Some members of this group nest colonially in trees; others, notably the bitterns, use reedbeds.

- photo by Mitch Waxman

That’s it for today, over the weekend I’ll be thrilling you with recent encounters your humble narrator has had with the political class who rule over New York City.

Also, please buy a copy of our book- Newtown Creek, for the vulgarly curious- here. Every copy sold contributes directly to sustaining and maintaining this- your Newtown Pentacle.

from wikipedia

Grand Street is a street in Williamsburg, Brooklyn, New York City, United States. The Grand Street (BMT Canarsie Line) subway station serves the corner of Grand Street and Bushwick Avenue. Crossing English Kills into Queens, Grand Street becomes Grand Avenue, continuing through Maspeth where it is a main shopping street, to Elmhurst. Its northern end is at Queens Boulevard. Broadway continues the thoroughfare north and west.

History

In the 19th century, before the construction of the Williamsburg Bridge, the Grand Street Ferry connected Grand Street, Brooklyn to Grand Street, Manhattan. The Grand Street Line was a streetcar line along the road.

Written by Mitch Waxman

November 19, 2010 at 1:46 pm

narcotic flowers

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- photo by Mitch Waxman

One of the many things which both torment and delight my imaginings is the notion of some foreign plague or hostile bacterium hitching a ride into New York Harbor onboard a ship.

In 1863, the city fathers enacted the “General Quarantine Act” due to similar fears. Political upheavals in Europe and Asia resulted in a lot of people seeking a more peaceful and profitable future and heading to North America. Many of these peasant pilgrims were weakened or crippled by ordeal and famine, and sometimes from an infectious disease. It was feared that if just one plague carrier became lost in the crowded tenements of Manhattan, something “biblical” would ensue, something which anointing the door with lamb’s blood couldn’t help you out with.

If the New Yorkers of 1863 were afraid of something… well, the City’s immune system ain’t what it used to be, y’know…

from tlcarchive.org

In 1864, the commercial avenues of the area were paved with cobblestones which, in turn, provided deep cracks in which refuse collected and rotted. But the streets were “very filthy” with accumulations of manure from the horses that traversed the area, dead dogs, cats and rats, household and vegetable refuse that in winter accumulated to depths of three feet or more. “Garbage boxes,” rarely emptied, overflowed with offal, animal carcasses, and household waste. “Pools” of stagnant water collected in the carcasses of dead animals, and over sewer drains that were generally clogged. “Filth of every kind [were] thrown into the streets, covering their surface, filling the gutters, obstructing the sewer culverts, and sending forth perennial emanations which must generate pestiferous diseases,” reported William Thomas, the Sanitary Inspector for the district. “Drainage is generally imperfect, the courtyards being … below the level of the streets” and “everything is thrown into the street and gutters at all times of the day.” While poorly designed sewers had been installed throughout the region, most of the population depended upon the outdoor “water closets” and privies in the courtyards of the tenement buildings, close to wells used for drinking.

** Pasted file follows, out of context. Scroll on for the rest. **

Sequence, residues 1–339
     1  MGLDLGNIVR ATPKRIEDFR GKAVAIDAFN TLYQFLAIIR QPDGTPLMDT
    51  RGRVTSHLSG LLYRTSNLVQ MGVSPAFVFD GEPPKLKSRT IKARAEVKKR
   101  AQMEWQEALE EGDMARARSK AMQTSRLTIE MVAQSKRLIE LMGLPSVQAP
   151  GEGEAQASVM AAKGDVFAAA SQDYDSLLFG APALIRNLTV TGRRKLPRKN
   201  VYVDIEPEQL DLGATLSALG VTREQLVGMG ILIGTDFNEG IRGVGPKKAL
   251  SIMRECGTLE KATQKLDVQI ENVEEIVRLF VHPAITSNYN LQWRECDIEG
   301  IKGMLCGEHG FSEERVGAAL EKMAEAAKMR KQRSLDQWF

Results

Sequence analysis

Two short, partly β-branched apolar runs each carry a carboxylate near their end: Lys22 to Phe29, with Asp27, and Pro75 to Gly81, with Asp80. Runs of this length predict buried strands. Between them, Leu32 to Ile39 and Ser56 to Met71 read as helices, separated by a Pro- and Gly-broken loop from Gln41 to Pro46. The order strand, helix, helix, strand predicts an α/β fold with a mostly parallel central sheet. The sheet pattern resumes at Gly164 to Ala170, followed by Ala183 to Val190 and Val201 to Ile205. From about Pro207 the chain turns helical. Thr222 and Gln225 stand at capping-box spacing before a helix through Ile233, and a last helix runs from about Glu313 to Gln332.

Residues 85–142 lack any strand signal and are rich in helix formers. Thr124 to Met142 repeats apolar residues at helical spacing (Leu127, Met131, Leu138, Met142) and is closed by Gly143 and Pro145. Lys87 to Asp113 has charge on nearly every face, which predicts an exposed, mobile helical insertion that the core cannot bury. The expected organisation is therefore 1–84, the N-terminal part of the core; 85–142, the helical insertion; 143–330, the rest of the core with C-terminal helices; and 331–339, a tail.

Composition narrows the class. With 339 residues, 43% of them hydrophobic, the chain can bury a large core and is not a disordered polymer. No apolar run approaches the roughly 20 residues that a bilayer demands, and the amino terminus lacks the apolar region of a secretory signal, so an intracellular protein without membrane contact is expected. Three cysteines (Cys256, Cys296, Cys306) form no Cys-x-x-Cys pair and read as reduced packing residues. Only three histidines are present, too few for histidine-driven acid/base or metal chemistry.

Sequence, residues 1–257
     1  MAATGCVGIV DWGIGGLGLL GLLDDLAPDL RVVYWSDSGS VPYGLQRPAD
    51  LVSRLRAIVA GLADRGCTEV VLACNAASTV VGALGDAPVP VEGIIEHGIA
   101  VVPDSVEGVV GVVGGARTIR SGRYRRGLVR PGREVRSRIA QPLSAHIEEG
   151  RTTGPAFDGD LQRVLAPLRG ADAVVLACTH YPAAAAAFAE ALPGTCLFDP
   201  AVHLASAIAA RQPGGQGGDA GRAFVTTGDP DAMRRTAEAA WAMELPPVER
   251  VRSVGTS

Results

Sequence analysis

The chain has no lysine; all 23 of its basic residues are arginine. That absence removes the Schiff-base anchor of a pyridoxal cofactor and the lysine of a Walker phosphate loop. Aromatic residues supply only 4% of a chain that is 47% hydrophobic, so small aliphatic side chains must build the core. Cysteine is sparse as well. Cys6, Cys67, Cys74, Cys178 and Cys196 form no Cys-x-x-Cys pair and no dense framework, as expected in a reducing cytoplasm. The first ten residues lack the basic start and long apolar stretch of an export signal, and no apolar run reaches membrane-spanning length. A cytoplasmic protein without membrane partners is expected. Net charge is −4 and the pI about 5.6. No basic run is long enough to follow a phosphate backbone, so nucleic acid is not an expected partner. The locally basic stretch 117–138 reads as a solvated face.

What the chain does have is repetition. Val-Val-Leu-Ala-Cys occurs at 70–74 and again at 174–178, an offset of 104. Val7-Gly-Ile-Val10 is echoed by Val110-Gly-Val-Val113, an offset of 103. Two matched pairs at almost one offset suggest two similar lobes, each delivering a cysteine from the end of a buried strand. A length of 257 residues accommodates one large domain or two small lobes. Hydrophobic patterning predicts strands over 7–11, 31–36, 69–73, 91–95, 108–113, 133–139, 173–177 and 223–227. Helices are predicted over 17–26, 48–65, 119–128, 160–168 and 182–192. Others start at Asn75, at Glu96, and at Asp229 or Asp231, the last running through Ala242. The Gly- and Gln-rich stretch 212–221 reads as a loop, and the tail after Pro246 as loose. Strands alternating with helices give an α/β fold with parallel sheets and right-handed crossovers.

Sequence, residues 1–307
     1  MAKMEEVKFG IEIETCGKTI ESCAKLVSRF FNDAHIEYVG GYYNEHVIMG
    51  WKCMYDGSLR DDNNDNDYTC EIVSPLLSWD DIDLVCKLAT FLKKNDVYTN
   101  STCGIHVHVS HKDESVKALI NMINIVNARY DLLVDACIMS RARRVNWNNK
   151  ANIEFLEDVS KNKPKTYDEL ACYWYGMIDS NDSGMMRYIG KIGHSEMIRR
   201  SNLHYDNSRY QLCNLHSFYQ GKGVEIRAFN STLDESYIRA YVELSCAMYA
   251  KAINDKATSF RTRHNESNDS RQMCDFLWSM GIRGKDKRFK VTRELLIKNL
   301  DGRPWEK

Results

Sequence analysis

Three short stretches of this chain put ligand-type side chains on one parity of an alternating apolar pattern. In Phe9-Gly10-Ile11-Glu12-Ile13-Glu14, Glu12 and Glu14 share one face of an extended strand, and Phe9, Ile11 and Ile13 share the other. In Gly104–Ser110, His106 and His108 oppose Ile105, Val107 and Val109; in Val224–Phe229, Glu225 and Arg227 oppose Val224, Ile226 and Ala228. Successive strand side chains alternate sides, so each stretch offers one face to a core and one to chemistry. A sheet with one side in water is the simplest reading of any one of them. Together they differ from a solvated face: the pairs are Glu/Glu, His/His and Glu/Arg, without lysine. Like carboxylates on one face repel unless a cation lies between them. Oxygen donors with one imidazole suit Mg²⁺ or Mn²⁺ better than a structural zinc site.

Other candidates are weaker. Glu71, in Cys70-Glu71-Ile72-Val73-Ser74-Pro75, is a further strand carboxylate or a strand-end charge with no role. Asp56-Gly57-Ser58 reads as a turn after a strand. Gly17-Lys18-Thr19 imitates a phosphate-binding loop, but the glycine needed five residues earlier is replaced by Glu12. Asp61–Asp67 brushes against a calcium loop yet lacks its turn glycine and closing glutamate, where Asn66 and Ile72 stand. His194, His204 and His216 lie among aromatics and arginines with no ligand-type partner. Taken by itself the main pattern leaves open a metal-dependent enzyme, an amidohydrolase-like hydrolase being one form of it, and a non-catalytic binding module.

- photo by Mitch Waxman

As early as 1755, the redoubtable stewards of New York Harbor were working on this issue, when an ordinance was passed demanding that all ships seeking entrance to the harbor must first be inspected by physicians and that all ships bearing contagion be quarantined at Bedloe’s Island. Bedloe’s, of course, is known as Liberty Island to modernity. 1795 is the beginning of the paper trail which eventually transmogrifies into the The New York City Department of Public Health and Mental Hygiene, when the first death records are filed for the 718 Yellow Fever victims that died that year. It wasn’t until 1866 that a Metropolitan Board of Health was formed, which was the same year that a Cholera outbreak was controlled by the “Disinfectant Corps” of Dr. Stephen S. Smith.

Tuberculosis, however, accounted for nearly 20% of all deaths in New York City.

from wikipedia

An infectious disease is a clinically evident illness resulting from the presence of pathogenic microbial agents, including pathogenic viruses, pathogenic bacteria, fungi, protozoa, multicellular parasites, and aberrant proteins known as prions. These pathogens are able to cause disease in animals and/or plants. Infectious pathologies are also called communicable diseases or transmissible diseases due to their potential of transmission from one person or species to another by a replicating agent (as opposed to a toxin).